It has long been known that while the practice of law has many benefits, lawyers are more vulnerable to stress, depression, anxiety, and substance abuse than nearly any other profession. Lawyers are also often help-resistant and have difficulty admitting vulnerability as they are the ones that are supposed to provide help and answers. Recently, the NYSBA Task Force on Attorney Well-Being conducted a review to help address the mental health crisis in the field. Over 3,000 attorneys responded to the survey and gave critical insights into the positive and negative factors that impact the health and well-being of members of the legal community.
Respondents indicated that the greatest impacts on lawyer well-being were a lack of boundaries and feeling like they had no downtime and were always on call, client expectations and demands, and financial pressures in the “business of law.” Only 8% utilized an Employee Assistance Program. Individuals working for Legal Aid were the most willing to use a confidential resource provided by the bar association or an affiliated organization, and members of the judiciary were least willing to use a resource like this. 71% of new lawyers (i.e., 0-5 years practicing) reported that they would consider such a resource. The top three overall requests to assist with health were a discounted gym membership, free or low-cost counseling, and a request that NYSBA advocate for cultural change.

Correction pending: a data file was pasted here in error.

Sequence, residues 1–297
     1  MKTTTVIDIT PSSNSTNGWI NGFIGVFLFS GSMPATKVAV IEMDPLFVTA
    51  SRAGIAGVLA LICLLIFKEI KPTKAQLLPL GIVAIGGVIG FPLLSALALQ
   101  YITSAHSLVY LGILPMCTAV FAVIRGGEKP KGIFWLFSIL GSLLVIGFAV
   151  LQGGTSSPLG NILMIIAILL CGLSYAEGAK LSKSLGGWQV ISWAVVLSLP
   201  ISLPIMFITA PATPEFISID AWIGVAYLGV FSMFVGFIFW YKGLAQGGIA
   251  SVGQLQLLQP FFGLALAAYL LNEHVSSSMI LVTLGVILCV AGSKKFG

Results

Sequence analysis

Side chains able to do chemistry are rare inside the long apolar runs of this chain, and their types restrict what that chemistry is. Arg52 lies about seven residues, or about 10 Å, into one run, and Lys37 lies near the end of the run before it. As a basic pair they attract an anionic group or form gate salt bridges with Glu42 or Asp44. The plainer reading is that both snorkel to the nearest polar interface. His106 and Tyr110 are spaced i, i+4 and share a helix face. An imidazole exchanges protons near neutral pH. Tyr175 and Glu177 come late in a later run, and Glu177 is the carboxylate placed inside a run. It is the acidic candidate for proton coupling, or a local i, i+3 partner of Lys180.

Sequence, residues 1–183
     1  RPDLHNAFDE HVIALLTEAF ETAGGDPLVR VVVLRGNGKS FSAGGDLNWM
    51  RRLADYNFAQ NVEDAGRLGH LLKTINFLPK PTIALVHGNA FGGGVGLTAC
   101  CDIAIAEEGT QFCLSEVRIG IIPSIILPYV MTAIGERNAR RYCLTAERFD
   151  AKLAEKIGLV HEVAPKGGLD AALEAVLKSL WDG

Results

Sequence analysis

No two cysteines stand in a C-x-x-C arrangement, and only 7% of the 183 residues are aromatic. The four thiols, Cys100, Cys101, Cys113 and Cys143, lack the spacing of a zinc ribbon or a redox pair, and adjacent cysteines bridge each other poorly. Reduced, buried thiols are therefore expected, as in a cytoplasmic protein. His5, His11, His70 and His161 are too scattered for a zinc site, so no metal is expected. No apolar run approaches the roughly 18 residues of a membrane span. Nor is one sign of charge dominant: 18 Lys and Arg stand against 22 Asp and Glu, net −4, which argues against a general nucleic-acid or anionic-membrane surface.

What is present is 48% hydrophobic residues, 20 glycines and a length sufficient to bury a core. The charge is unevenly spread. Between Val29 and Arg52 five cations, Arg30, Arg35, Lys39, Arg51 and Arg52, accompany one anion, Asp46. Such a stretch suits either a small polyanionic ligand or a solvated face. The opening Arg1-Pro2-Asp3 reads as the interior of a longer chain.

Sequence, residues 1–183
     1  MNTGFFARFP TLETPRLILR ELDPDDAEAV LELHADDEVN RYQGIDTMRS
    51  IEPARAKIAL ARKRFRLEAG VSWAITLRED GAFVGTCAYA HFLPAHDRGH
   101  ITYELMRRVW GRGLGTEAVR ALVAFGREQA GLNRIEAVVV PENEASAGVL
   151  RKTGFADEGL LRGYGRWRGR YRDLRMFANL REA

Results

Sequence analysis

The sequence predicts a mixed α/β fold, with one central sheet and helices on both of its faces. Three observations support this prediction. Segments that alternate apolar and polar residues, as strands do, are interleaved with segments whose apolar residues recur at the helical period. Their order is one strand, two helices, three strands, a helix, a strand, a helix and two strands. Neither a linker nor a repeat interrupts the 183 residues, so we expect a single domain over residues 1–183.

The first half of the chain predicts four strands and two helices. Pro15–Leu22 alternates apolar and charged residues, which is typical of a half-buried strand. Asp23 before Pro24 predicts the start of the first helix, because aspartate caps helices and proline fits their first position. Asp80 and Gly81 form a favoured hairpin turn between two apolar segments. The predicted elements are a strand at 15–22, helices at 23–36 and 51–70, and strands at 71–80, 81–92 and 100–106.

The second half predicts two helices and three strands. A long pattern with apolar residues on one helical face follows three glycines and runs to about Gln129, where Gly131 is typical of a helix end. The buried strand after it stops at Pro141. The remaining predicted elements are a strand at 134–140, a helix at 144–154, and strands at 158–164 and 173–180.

A lack of willingness to engage in confidential resources poses a problem for the practice of law. Lawyers who are experiencing stressful life events, unmanageable workloads, and financial pressures are more likely to use poor judgment and be involved in malpractice claims and discipline proceedings. Despite this, and the fact that lawyers are suffering with staggering rates of mental illness, the legal profession has been reluctant to make changes. However, promoting and prioritizing lawyer well-being will reduce costs, increase lawyer efficiency and improve profit margins, benefiting both lawyers and the profession.
In the survey, lawyers were also asked if they believed that substance abuse and/or mental health CLEs were important. Approximately 83% reported that education in these areas is important. Additionally, 85% of lawyers agreed that preventive attorney wellbeing programming is important. These results highlight the fact that lawyers recognize the need for education in these areas despite an unwillingness to seek treatment for themselves. Law schools also need to recognize the need for these types of programs, providing students with education on well-being related topics so that they are better prepared to enter the field after graduation.
The field of law is ready to recognize the need for wellbeing programming. TLC Virtual Resiliency is here to provide customized workshops focused on the promotion of well-being that can be tailored to your law firm’s needs. If you are interested in learning more about our services, contact us today!